Those who really like to tweak their work in post will be pleased to know the camera offers full V-Log right out of the box, with no additional charge (for the GH5 it was an added cost is all). There are other profiles, including Cinelike D and V, plus HLG for those times you want to capture HDR footage. There’s even a setting called ‘Dynamic Boost’ you can enable which really enhances that HDR effect to give you dynamic range that hasn’t been possible before on a GH camera.
So what’s it like?
- All-new 25-megapixel CMOS sensor
- 3.68m-dot OLED viewfinder
- 5-axis image stabilisation
- Battery life: 330-380 images/80-100 minutes continuous recording
If you’ve used a GH camera before then the GH6’s operation will feel very similar. There are a few minor differences, most notably in the user interface on the flip-out screen. Menus are arranged slightly differently, and are chock-full of options and settings to tinker with. It can be confusing to begin with, but it doesn’t take long to find all the important bits.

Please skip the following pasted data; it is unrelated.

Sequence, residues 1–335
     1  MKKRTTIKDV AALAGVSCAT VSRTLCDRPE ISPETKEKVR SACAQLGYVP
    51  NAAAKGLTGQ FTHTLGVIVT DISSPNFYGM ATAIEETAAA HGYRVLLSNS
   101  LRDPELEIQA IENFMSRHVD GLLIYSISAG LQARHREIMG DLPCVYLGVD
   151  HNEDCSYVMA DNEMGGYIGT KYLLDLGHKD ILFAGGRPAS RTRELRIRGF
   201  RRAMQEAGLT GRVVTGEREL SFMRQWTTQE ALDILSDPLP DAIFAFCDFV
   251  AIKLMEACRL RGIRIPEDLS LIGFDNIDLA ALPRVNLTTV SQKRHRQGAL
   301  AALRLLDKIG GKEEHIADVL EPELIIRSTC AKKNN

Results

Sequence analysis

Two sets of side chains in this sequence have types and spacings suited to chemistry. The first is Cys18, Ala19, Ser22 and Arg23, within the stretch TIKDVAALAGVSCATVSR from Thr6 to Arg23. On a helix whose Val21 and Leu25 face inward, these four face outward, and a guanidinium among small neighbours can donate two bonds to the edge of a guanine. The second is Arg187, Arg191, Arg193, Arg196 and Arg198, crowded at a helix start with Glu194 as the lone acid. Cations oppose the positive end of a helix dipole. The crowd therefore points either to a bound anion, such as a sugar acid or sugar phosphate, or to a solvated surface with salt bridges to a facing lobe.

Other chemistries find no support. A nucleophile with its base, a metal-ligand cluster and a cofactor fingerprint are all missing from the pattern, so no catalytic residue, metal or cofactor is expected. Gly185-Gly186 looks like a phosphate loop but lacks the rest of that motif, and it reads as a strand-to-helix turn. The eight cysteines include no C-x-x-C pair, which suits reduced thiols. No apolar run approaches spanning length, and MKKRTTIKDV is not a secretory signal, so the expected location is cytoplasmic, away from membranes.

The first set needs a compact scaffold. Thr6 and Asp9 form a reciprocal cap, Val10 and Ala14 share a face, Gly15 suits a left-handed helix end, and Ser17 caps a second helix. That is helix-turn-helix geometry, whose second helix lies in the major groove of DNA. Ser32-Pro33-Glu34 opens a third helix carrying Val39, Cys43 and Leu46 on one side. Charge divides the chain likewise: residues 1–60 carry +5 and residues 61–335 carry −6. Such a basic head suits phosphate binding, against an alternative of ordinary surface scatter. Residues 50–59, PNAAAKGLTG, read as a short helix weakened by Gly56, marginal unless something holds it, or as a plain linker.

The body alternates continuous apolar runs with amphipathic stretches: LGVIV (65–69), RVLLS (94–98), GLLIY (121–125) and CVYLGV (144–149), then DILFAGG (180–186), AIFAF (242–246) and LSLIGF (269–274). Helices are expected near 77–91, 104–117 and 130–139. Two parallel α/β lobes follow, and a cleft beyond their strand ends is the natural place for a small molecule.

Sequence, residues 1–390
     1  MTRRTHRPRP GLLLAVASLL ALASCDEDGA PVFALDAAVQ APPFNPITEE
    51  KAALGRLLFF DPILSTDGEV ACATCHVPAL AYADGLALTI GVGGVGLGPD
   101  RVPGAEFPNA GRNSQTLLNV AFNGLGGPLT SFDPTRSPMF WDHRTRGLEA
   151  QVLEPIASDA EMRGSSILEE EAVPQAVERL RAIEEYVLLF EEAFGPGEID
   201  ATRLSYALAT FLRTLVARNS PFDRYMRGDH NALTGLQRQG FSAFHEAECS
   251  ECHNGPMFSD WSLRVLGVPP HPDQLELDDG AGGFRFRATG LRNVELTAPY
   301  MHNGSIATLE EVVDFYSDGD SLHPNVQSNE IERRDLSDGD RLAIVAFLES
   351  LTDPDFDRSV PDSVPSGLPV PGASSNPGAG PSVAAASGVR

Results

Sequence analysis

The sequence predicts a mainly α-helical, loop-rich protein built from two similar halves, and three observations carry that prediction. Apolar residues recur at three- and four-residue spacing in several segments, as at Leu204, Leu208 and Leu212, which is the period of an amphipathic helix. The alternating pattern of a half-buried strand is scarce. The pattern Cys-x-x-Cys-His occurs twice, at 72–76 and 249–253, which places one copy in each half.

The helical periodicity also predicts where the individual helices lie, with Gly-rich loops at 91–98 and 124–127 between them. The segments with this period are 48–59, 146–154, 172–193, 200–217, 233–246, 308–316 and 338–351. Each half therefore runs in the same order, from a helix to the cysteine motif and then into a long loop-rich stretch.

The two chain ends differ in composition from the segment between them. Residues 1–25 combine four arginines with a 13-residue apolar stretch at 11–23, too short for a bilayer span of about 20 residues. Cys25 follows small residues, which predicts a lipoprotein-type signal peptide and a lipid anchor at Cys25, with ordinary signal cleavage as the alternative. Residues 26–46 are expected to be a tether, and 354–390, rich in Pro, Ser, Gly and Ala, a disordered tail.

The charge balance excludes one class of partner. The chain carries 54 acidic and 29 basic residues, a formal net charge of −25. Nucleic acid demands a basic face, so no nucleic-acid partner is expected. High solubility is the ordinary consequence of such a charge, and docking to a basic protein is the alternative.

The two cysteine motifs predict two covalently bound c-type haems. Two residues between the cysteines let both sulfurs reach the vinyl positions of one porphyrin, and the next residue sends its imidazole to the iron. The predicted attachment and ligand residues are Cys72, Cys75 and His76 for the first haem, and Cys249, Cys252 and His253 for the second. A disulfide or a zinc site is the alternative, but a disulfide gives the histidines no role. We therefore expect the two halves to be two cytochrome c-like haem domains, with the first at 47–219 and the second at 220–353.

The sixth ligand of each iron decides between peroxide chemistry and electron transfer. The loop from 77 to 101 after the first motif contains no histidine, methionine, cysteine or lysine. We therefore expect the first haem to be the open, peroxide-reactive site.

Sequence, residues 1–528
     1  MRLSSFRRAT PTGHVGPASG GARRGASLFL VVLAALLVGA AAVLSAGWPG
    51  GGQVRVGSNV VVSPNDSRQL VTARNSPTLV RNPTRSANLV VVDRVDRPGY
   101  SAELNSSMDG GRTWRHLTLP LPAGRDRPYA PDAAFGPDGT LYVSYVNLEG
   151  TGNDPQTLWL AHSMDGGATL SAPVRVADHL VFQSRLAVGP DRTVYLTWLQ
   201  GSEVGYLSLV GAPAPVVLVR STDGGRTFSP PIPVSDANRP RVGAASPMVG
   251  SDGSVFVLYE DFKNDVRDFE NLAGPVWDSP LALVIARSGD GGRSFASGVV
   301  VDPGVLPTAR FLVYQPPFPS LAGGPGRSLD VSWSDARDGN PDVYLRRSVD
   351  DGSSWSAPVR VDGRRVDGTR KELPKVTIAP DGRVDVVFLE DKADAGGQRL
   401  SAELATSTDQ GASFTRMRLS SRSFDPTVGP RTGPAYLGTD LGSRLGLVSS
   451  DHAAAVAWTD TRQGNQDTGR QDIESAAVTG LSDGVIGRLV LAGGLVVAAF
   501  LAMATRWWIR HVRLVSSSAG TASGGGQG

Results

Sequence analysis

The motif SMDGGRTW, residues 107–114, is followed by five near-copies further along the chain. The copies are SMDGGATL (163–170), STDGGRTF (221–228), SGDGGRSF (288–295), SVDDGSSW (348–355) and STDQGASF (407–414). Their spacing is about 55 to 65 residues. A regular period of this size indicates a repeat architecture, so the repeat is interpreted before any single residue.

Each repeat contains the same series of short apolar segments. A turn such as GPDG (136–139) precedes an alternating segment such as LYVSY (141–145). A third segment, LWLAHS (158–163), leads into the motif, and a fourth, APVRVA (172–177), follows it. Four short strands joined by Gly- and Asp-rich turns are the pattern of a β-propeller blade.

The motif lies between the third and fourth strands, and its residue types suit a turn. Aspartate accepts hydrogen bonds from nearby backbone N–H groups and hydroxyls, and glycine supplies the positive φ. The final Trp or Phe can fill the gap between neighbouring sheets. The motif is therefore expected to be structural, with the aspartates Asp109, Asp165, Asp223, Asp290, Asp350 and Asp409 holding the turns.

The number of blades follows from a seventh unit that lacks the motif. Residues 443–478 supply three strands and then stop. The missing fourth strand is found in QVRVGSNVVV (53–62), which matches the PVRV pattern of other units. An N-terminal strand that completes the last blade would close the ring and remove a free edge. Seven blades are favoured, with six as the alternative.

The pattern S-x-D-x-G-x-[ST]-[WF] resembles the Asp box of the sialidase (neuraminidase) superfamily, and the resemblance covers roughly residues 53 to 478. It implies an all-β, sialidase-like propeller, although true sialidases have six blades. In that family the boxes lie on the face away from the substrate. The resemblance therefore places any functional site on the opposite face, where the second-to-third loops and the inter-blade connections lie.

Using autofocus in stills or video mode reacts quickly, locking onto the subject intended, or easily adjusted by the tap of the screen. It can also be changed to an eye/face tracking feature, too, allowing the camera to automatically detect when a person or animal is in the scene. We found this mode pretty reliable, so we rarely found ourselves needing to reshoot.
The GH6’s improved sensor and image processing engine certainly seems to have made a big difference over the GH5 too. Looking at video shot in the same conditions, with the same lenses, at the same settings, there’s a sense with the GH6 that the overall look is far more lifelike. The automatic shooting mode delivers results that are more realistic, yet with vibrant colours, but more crucially a better handling of light and shadow.
In-body stabilisation ensures that your movements rarely affect the video or stills badly too. The 5-axis system ensures that movement, when it happens, is relatively smooth. Of course, it’s not gimbal smooth, but any shakes and jolts are minimal enough that most editing suite programmes’ own post-production stabilisation tools are enough to even them out without much in the way of warp.
Battery life is solid too. The GH6 can handle around 45 minutes of stop-start recording, more than an hour of continuous 4K recording, or somewhere around 350 still images on a full charge. We found no instance of feeling as though the battery level was dropping too quickly during testing.
Spec-wise, it’s the same battery that’s in the full-frame Lumix S5, which charges relatively quickly even if you plug it into the USB-C port, thanks to Power Delivery support.